Green-News: Monday 7.14.08

  • Houston’s mayor claims that the EPA is underreporting pollution caused by refineries and chemical plants. Matthew Tresaugue of The Houston Chronicle reports:
"Up until now, the EPA has relied on rough estimates, and the companies themselves have done the estimates," Mayor Bill White said. "It's a simple request, but it's a very bold request. It's a request that will allow the people of Houston to know what's in their air."

The mayor said federal, state and local governments must have reliable data to make decisions regarding public health. The push comes as state regulators work on a new pollution-fighting plan for the eight-county Houston region, one of the nation's smoggiest.

It's also White's latest attempt to confront regulators in his fight over toxic chemical emissions. In May, the city challenged the permits from a nearby plant to force the Texas Commission on Environmental Quality to limit the levels of the carcinogen benzene in the air.

"You can't overstate how important this is," Matthew Tejada, executive director of the Galveston-Houston Association for Smog Prevention, said of the mayor's request to the EPA. "It's going to change your calculations of everything. It will open a can of worms, but it needs to be opened."
The participants of the the German Cancer Research Center study included 60 vegans (no animal products consumed), 1165 vegetarians (eating eggs, milk but no meat) with the remainder described as "moderate" vegetarians who occasionally ate fish or meat. The health of these study participants was compared with the average German population. Living longer seems not to be exclusively related to eating meat, though, as the results for moderate vegetarians was not statistically different from those for vegan or strict vegetarian diets.


To the argument that it is not vegetarianism but a general interest in a healthier lifestyle which leads to such notable results, scientists reply with evidence that the majority of vegetarians do not cite health reasons for their lifestyle, but make their choice based on ethical commitment, environmental concerns or simply personal taste…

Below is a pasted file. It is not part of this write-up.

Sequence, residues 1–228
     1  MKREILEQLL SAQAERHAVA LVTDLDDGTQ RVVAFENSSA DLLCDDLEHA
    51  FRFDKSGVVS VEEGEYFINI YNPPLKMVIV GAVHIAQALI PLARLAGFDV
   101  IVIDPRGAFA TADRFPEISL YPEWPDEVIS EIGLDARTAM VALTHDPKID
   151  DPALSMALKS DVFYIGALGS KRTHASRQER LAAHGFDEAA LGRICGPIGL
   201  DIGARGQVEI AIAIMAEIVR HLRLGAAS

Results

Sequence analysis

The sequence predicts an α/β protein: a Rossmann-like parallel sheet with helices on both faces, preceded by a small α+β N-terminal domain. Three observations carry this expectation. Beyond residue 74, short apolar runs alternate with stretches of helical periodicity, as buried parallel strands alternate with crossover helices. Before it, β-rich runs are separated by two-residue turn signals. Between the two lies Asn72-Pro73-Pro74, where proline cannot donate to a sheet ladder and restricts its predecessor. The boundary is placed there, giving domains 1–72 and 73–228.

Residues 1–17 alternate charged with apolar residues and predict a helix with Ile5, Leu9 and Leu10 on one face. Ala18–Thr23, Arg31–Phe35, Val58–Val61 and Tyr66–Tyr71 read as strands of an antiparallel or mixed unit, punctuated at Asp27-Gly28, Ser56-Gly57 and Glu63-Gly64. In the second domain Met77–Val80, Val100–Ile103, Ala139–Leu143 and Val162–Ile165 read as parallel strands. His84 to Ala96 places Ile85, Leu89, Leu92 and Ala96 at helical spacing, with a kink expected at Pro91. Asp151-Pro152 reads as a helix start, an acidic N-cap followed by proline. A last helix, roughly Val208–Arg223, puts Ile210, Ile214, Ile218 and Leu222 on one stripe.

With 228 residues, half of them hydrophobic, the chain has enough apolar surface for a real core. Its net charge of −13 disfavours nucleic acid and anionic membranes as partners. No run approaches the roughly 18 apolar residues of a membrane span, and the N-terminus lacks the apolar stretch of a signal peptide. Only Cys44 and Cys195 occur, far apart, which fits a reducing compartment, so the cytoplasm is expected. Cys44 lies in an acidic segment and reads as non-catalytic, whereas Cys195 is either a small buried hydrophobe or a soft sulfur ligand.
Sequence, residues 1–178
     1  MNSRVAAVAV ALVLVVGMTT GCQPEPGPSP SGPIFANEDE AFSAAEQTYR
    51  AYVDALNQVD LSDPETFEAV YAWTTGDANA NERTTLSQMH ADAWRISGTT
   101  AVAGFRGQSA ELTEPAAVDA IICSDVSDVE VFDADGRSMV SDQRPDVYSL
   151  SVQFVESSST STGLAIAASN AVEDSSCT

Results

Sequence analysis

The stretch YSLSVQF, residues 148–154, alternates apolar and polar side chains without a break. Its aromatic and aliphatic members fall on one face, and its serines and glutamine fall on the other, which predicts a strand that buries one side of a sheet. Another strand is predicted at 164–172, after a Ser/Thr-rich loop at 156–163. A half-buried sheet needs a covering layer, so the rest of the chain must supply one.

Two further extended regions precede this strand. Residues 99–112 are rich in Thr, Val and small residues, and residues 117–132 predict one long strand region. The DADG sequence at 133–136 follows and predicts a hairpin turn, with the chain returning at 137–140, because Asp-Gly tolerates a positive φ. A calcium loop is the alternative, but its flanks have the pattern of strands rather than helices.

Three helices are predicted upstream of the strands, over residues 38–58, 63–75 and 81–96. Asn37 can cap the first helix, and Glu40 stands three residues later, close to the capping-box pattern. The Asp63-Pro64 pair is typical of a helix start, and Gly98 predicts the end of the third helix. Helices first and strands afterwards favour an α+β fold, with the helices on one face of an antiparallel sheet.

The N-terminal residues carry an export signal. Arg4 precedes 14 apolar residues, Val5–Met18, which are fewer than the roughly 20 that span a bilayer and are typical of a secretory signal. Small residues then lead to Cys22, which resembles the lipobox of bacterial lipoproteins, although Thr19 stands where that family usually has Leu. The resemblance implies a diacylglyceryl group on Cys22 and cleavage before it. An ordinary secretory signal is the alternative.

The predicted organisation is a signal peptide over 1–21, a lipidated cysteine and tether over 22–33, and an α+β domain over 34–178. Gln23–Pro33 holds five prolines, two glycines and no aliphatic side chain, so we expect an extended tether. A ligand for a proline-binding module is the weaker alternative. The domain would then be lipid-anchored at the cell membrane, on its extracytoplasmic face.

… Research by a team led by Professor Ibrahim Elmadfa at the University of Vienna found a much better than average intake of Vitamin C, Carotinoides, Folic acid, fiber and unsaturated fats. Where shortcomings may arise is for Vitamin B12, calcium und Vitamin D in a vegan diet. Astoundingly, however, study participants did not suffer from diseases, such as osteoporosis, typically related to inadequate intakes of these micro-nutrients.
Paper Towels - A waste all over the map. It's money that you don't have to spend, and trees that don't have to be cut down. Buy reusable and washable hand and dish towels instead.


Bleached Coffee Filters - Dioxins, chemicals formed during the chlorine bleaching process, contaminate groundwater and air and are linked to cancer in humans and animals. Look for unbleached paper filters or use reusable filters such as washable cloth filters.

Cling/Saran/ Plastic Wrap - Many people don't realize that cling wrap may be made with PVC. #3 PVC (polyvinyl chloride) leaches toxins when heated or microwaved and it is an environmental problem throughout its lifecycle. Instead store things in reusable containers.
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Sara - July 28, 2008 10:04 PM

The worst greenhouse gas is methane-predominately produced by cows. If Americans ate less meat there would be fewer cows raised.

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